The agricultural sector is only a very small part of the Swiss economy, but it is very important for the tourism industry and the country's food security.
The primary sector contributed around 1% to Switzerland's gross domestic product in 2016 and generated annual revenues of CHF 10.1 billion in 2015. Half of this revenue came from livestock farming, primarily in the form of dairy products, while the other half is generated by crop farming. The vast majority of Swiss agricultural produce is destined for the domestic market, even though certain products like cheese and cereals are also exported.
Some 155,184 people are employed in this sector, 14% fewer than in 2005. Between 2005 and 2015, the number of agricultural businesses fell from 64,000 to 53,000. In 2015, each business farmed an area of 19.5 hectares. Three quarters specialised in animal production.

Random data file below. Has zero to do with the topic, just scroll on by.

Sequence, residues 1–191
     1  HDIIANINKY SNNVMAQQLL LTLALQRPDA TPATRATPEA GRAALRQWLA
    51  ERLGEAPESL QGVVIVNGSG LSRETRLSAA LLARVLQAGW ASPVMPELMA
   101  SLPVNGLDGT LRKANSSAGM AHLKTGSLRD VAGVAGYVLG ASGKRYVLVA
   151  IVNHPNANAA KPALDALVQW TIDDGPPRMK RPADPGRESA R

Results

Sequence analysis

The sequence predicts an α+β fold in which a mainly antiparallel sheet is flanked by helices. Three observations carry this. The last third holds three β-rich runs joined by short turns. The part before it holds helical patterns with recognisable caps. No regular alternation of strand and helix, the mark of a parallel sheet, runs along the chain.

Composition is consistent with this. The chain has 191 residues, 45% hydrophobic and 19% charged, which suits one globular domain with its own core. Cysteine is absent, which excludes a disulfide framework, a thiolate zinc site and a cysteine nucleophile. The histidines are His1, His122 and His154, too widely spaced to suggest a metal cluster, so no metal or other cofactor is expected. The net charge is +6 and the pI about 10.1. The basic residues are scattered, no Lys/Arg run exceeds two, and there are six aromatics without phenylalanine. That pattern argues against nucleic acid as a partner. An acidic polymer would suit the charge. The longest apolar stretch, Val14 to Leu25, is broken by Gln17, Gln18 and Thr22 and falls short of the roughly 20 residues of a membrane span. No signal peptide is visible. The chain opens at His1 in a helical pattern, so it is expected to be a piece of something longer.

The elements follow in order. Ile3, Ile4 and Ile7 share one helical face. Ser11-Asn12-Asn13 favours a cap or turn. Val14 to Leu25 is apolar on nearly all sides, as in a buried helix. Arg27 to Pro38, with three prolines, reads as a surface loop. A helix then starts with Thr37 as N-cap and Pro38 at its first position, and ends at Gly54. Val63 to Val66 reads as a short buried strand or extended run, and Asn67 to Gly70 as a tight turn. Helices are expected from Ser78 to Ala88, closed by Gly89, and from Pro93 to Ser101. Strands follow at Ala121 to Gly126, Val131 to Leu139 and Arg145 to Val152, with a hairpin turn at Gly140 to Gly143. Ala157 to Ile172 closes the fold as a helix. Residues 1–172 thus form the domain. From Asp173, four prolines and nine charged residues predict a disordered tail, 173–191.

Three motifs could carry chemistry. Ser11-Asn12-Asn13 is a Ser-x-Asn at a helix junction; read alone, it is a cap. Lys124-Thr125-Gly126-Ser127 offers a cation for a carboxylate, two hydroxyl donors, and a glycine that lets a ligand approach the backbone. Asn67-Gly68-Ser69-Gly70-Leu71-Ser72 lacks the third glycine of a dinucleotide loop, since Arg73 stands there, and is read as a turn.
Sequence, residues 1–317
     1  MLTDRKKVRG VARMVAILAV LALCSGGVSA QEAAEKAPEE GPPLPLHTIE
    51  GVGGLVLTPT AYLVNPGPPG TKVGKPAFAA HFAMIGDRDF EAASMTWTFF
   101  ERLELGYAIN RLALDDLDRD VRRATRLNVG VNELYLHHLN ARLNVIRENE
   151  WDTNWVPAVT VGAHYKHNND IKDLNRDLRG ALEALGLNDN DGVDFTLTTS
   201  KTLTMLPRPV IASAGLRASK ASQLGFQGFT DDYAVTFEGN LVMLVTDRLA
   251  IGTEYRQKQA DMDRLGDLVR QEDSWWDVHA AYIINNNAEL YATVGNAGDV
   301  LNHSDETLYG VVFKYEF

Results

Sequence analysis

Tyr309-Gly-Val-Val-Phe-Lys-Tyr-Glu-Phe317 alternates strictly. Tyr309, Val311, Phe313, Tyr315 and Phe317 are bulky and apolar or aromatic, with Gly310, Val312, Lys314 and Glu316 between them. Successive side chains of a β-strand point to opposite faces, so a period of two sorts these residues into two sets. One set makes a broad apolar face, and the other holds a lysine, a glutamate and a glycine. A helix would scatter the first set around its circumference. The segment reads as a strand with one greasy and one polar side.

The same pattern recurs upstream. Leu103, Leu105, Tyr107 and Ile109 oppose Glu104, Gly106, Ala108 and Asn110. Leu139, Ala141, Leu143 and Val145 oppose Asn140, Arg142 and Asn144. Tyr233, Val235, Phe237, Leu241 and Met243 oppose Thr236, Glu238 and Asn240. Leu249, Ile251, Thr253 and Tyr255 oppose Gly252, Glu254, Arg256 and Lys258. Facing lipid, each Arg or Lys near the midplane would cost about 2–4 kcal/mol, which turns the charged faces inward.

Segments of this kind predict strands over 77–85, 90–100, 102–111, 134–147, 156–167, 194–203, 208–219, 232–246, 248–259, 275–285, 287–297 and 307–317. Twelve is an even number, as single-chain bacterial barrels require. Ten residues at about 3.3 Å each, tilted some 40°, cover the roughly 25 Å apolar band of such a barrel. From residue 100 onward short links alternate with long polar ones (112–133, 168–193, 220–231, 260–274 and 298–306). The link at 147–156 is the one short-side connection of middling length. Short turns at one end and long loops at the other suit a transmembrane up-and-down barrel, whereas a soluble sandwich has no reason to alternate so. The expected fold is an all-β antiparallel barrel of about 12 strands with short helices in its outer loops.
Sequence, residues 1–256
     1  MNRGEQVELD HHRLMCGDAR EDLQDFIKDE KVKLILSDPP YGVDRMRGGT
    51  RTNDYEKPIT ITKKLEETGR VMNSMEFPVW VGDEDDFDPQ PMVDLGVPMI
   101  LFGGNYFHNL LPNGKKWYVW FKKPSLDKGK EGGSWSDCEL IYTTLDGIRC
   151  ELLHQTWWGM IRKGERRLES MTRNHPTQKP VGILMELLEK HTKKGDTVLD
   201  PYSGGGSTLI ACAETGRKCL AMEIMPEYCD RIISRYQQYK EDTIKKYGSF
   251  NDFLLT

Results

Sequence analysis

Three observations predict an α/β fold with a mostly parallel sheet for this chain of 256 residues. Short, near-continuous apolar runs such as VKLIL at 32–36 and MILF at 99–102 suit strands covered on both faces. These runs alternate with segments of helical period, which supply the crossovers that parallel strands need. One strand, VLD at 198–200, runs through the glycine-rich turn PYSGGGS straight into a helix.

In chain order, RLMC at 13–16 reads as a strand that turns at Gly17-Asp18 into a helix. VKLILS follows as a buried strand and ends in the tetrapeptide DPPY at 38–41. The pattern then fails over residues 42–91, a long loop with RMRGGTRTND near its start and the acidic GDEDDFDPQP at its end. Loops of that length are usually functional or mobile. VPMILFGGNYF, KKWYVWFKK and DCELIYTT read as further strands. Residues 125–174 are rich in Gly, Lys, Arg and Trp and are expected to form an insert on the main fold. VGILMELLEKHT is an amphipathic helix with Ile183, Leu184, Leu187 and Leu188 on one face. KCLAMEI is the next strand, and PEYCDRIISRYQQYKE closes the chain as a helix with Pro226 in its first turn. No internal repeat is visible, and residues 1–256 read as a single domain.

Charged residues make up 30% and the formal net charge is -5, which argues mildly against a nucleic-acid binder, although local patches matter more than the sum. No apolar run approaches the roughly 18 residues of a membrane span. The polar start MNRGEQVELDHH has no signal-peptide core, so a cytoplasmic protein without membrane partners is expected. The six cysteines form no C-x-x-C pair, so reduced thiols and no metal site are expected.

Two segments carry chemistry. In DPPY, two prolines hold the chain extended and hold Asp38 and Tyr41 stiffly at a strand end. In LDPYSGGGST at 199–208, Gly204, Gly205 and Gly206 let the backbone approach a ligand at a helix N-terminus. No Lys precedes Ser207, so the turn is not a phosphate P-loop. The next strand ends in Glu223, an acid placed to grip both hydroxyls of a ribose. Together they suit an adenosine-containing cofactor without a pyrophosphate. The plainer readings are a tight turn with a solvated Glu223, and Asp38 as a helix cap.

The Swiss farming industry has declined considerably over the last decade. In 1990 agriculture represented 2.2% of the value added created in Switzerland. This figure had fallen to 1.1% by 2000. The main reasons for this downward trajectory are the changing structure of the Swiss economy, which is increasingly geared towards the service sector, and competition from countries with lower agricultural production costs.
The benefits of Swiss agriculture are not purely economic. The agricultural sector uses around half of the surface area of the country and thus contributes to protecting and preserving the landscape. Swiss farmers also produce 55% of the food consumed in Switzerland (2014), thereby helping to safeguard national food security.
Organic farming has grown steadily in recent years. At present, more than 12.2% of all Swiss farms are organic. Organic products account for 7.7% of the entire Swiss food market.
Federal agricultural policy aims to protect this sector. In 2015 the federal government spent CHF 2.8 billion, or around 4.2% of its budget on direct payments to safeguard the farming industry and the national food supply.